Crap We Don’t Need?


One of the common views of neuromarketing, often expressed by those who are suspicious of business in general, is that the main purpose of neuromarketing is to manipulate consumers into making unnecessary purchases. In the words of a commenter on a blog post titled, This is Your Brain on Neurotechnology, neuromarketing is intended to make us buy “crap we don’t need and can’t afford.” Sadly, I often hear variations on this comment from all kinds of well-meaning people. Here’s my more optimistic take on the promise of neuromarketing:

First, the idea that neuromarketing can make us do things we don’t want to is bogus. If it was possible to create ads that powerful, the ad geniuses who have given us billions of dollars worth of amazing (and sometimes not so amazing) ads in the last half-century would have already discovered the formula. Sorry, but “super-ads” that turn us into buying drones aren’t going to happen.

Neuromarketing DOES offer the promise of reducing advertising waste by identifying ads that are ineffective or even turn off their target audience. Less annoyance for consumers, and perhaps even lower ad expenditures.

An even greater promise is the potential to make products we really like. Most new products fail, even when market research using focus groups, surveys, etc., predict they will be well-received. Movies and video games are already being tested this way, and the day may not be far off when, say, a new cell phone’s look and feel is neuro-optimized. (It may have already happened!) What’s not to like about that?

Forget about selling “crap we don’t need.” Let’s think about using neuroscience to improve our daily experience with ads that don’t make us switch channels and products we actually love.

  1. Steve Genco says

    Hi Roger,
    Well said. I have tried to make a similar point in several posts on my blog Lucid Thoughts. This theme of “zombie consumers” and “hidden persuaders” is so deeply entrenched I don’t think it will ever be completely dislodged. I suspect it taps into the same primal fears as movies like Invasion of the Body Snatchers. Rationality has little to do with it.

    I think it would help if we all had a little more respect for how our brains actually work. Yes, our minds do operate to a significant extent nonconsciously, but this does not mean we are slaves to our nonconscious “impulses”. A lot of that nonconscious processing is devoted to filtering out much of the noise and clutter that modern advertising and marketing surround us with.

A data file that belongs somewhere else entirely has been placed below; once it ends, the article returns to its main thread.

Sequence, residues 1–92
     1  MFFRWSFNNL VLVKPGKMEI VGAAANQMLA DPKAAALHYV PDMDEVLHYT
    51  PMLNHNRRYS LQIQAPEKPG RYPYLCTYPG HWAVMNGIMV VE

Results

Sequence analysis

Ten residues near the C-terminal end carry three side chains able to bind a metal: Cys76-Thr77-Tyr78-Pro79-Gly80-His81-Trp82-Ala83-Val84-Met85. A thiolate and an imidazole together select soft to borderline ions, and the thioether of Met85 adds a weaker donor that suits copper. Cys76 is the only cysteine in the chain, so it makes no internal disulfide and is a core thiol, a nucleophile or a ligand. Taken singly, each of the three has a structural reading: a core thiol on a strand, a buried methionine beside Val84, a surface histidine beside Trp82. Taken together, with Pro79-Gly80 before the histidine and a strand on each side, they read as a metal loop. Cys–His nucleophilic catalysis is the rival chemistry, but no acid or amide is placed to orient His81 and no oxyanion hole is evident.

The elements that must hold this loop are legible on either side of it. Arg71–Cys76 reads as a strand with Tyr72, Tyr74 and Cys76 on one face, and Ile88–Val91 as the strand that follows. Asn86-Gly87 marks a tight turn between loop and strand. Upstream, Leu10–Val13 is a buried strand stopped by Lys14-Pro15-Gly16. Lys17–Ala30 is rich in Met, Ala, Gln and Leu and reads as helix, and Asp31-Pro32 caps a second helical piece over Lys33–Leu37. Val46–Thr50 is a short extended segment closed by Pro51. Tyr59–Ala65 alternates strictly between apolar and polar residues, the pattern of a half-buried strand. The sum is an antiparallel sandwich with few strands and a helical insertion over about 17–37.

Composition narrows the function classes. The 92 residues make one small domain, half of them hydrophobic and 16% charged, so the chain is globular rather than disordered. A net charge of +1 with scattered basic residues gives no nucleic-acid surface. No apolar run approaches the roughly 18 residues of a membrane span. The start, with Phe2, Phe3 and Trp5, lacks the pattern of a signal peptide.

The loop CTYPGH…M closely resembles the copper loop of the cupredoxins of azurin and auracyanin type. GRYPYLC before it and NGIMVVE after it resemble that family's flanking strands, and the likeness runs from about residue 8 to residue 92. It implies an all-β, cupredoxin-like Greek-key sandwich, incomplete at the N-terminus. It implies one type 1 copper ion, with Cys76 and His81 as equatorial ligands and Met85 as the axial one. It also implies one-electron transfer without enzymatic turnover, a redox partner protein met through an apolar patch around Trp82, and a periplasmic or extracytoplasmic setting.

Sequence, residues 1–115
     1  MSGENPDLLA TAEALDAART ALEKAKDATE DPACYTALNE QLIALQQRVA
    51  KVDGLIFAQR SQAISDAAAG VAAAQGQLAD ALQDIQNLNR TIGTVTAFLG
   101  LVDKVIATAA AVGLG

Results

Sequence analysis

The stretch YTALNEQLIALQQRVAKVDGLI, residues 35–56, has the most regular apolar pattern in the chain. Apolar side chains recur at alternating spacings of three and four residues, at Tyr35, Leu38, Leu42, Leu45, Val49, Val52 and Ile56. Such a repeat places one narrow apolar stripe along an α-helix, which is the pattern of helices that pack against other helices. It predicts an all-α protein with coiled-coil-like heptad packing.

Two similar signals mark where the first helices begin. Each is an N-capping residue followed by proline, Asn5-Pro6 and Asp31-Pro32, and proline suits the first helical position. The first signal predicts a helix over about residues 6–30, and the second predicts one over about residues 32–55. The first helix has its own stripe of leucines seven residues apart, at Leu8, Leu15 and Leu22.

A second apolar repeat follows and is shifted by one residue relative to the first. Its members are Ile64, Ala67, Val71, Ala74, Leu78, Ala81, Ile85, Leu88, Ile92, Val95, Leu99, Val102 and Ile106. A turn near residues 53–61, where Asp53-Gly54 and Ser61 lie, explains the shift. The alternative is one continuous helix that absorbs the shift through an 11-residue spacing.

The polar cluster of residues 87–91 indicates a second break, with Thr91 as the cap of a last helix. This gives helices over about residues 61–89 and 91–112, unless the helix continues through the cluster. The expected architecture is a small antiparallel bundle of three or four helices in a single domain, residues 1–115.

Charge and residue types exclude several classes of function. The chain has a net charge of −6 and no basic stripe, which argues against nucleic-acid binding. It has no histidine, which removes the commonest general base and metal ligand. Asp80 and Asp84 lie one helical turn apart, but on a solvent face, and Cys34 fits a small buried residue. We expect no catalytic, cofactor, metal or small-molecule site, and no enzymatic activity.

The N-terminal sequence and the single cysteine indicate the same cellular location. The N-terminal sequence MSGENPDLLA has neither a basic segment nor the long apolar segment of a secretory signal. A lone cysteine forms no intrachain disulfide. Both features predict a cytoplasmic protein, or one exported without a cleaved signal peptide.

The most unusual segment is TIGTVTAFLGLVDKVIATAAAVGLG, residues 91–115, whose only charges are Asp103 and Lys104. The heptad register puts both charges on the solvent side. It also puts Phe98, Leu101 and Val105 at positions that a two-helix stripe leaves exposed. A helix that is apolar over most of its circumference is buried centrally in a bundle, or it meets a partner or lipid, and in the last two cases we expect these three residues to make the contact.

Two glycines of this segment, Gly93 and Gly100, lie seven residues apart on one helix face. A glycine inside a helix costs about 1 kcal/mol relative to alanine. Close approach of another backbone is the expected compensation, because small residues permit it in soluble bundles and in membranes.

The trick to brainwashing is that you have to be assaulted with one idea, and one idea only, for it to work. And with 200 different brands of toothpaste vying for our attention, we are hardly at risk for that.

    So I think you are right. The question on the lips of every consumer product developer and marketer I have worked with since opening Lucid in 2006 is “what the heck do these people want, anyway?”

    I think the consumer remains very much in charge of the marketplace. The only hidden persuaders I’m aware of are the neuromarketers who are still trying to sell “the buy button” to naive corporate clients.

  2. José Luis Campanello says

    The same kind of argument probably happened when cars first appeared (“yeah, you are going to make me buy this thing that i don’t need”).

    I think that even the first paid physicians got into this “distrust” pattern (out of suspicion that most people other than me are evil and you will say something that i don’t understand to get money out of me).

    It’s a good sign thou. It means your discipline is growing, as this kind of thing happens only when the general public faces the “new”.


  3. Peter.T says

    My view on this is that people buy things that they not need. Nothing can make you do something, we are totally free in our decision. Even in hypnosis you would not do things, you wouldn’t do in normal state.

    Marketing can only persuade people that they need to buy something or make so good impression, that people will want to buy it.

    There is moral question. If I strongly believe that my product is good for consumers, it’s not scam, it is something I put my hearth to, that it is moral to use any kind of marketing.